It’s with great pleasure and a twinge of nervousness that I present to you my second published novel. Indivisible Line is a contemporary romance set in two quite extreme places; Beaver, Alaska and New York City. The title, the setting, as well as the book cover, will give an idea what the story has in store for you. During the earlier stages of writing this novel, I fondly called it my modern Pocahontas, just because of the main character’s ethnic origin. Looking back now, it had been an interesting journey researching, plotting the conflicts and writing the dialogues. It’s my hope that this story will spark awareness that although our skin colors are different; love and acceptance can bridge any gap no matter how big or small they are. Hey, I’m a writer, therefore I dream.
~Indivisible Line Blog Tour Schedule~
July 16- Review- Wyndy Dee
July 16- Promo/Excerpt- R.E. Hargrave
July 17- Review- Tattooed Book Review
July 18- Review- Book to Book Review
July 18- Review- Tracy Riva
July 19- Interview- Mandy Anderson
July 19- Review- Martini Times Romance Book Reviews
July 20- Review- Fandom Fanatic
July 21- Review- Mich Book Reviews
July 22- Review- The Hive
July 23- Guest Post- Nat Wood
July 23- Review- Ali’s Bookshelf
July 23- Guest Post- J Rose Allister
July 24- Review & Interview- Tbird London
July 24- Promo/Excerpt- Sydney Logan
July 25- Review- Phantasy Graphic Design
July 25- Promo/Excerpt- Jennifer Garcia
July 26- Review- Cremona Cortovelea
July 26- Babu’s Bookshelf
July 27- Guest Post- Penelope Anne Bartotto
July 28- Review- Lissa Bryan
Pre-med student Sarah Jones is back in Beaver, Alaska, for summer vacation. A loyal member of the Gwich’in tribe, she accepts the rules set by her father, the leader of their small town. Raised in a strict household, she learned early on to do what is expected of her and has agreed to an arranged marriage. Despite her reluctance to marry without love, Sarah is unwilling to defy her father’s wishes. She hopes to help usher in an era of independence and stability for the town, but for now, her focus is finishing med school so she can become Beaver’s resident doctor.
Business owner Greg Andrews wants to escape his philandering wife and his life in general. Leaving New York City to join a hunting expedition in Alaska, Greg’s plans are turned upside down when he is shot on Gwich’in land and ends up on Sarah’s operating table. In the absence of a qualified doctor, Sarah must operate to save his life. She refuses to wait for the consent of their tribal leader, and her father banishes her from the tribal land in punishment.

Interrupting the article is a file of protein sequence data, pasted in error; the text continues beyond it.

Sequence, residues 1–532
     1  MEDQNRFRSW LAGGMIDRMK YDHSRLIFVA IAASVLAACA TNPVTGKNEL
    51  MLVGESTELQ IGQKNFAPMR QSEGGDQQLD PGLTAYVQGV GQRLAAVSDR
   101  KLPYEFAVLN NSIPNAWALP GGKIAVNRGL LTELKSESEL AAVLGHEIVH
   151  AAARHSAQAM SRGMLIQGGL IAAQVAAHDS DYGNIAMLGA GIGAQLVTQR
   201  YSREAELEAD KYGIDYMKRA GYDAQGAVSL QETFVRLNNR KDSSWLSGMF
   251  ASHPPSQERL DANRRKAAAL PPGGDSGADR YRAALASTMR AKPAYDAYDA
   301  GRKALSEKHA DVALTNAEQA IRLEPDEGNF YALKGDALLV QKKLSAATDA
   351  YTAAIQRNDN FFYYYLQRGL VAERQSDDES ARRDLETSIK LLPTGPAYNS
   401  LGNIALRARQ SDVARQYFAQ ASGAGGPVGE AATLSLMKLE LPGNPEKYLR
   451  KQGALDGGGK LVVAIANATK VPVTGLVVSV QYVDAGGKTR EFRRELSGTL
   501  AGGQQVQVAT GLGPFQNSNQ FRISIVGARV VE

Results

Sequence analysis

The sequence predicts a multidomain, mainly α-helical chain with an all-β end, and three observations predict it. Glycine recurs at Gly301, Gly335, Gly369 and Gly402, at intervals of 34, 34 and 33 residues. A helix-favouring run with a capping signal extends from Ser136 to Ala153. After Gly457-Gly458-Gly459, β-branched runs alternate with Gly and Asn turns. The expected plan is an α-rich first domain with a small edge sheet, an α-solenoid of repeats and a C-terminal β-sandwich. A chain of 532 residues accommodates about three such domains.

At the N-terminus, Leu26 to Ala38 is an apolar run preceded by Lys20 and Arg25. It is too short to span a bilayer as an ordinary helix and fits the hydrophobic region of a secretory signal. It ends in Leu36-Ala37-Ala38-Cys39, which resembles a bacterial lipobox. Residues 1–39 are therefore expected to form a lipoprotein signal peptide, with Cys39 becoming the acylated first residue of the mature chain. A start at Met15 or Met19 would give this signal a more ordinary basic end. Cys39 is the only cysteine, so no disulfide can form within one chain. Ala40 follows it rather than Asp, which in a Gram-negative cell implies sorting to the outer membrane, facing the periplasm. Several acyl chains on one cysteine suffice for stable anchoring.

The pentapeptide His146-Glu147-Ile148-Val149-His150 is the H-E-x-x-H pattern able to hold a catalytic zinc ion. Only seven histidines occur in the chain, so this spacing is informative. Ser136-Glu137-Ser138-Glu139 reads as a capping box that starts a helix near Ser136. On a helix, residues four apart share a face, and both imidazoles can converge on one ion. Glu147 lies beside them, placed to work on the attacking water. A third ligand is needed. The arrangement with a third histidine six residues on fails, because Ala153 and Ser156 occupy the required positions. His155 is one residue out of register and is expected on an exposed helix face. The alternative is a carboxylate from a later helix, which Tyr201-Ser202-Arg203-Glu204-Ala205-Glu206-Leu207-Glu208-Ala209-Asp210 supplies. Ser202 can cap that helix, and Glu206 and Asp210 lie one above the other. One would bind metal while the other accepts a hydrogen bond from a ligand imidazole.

Grateful for his life, Greg concocts a scheme to help. Plagued by the side effects of her unconventional operation, he convinces Sarah to become his live-in nurse. Without the means to support herself, Sarah agrees to the questionable arrangement, but she soon finds herself in even more trouble. Her new problem is that she is falling in love with this infuriating man, and the choices she now must make are must more difficult than the simple act of saving a man’s life.
Together, Sarah and Greg must both decide whether they can overcome the vast differences between them, or if the indivisible line that separates their worlds will ultimately pull them apart.
“You disgrace yourself.” Her father’s accusation made her cringe.
Sarah heard curious voices outside the clinic. There wasn’t a doubt that the entire town was waiting for the verdict. Their small town’s antenna was very good at learning about these types of situations; reports must have already been spreading. Considering the inexplicable turn of events, this would have qualified for a front-page headline if they had a local newspaper.
Ahila glared at her with disapproval and walked out of the room. His anger was something she’d expected, and her one hope was that that he’d accept her explanation.
She closed her eyes and leaned on the desk for a brief moment before dutifully following her father outside the clinic. The scene outdoors was no surprise. Old and young alike had gathered, their expressions ranging from curiosity to outright accusation and blatant disappointment. Just a few people showed any signs of sympathy, Lily and Trimble among them.
“Do you have any idea what you have done?” Ahila’s voice boomed. It was no wonder why words in Beaver traveled fast.
“I did what I thought was right. Surely, you’re not putting me through school so I can pick and choose who to help?” Sarah’s rising voice questioned. Her usual reserved character was gone; instead, she spewed the same venom with which her father was lashing her.
“You had no right to give away what little medicine we had left. Didn’t you think about the possibility that if any one of us fell ill, there would be no chance of surviving because you gave away the few provisions we had?” Anger flashed in her father’s eyes while he stared her down. He had a slight stature, but size didn’t matter. Ahila was big in presence and command.
“I did the right thing, Papa,” Sarah cried in response. She clenched and unclenched her fists. How could she make her father understand?
“You did not! You chose an outsider and made him your priority. They come here with full knowledge that we cannot give them much in terms of medical assistance. They signed their waivers; they knew what to expect.”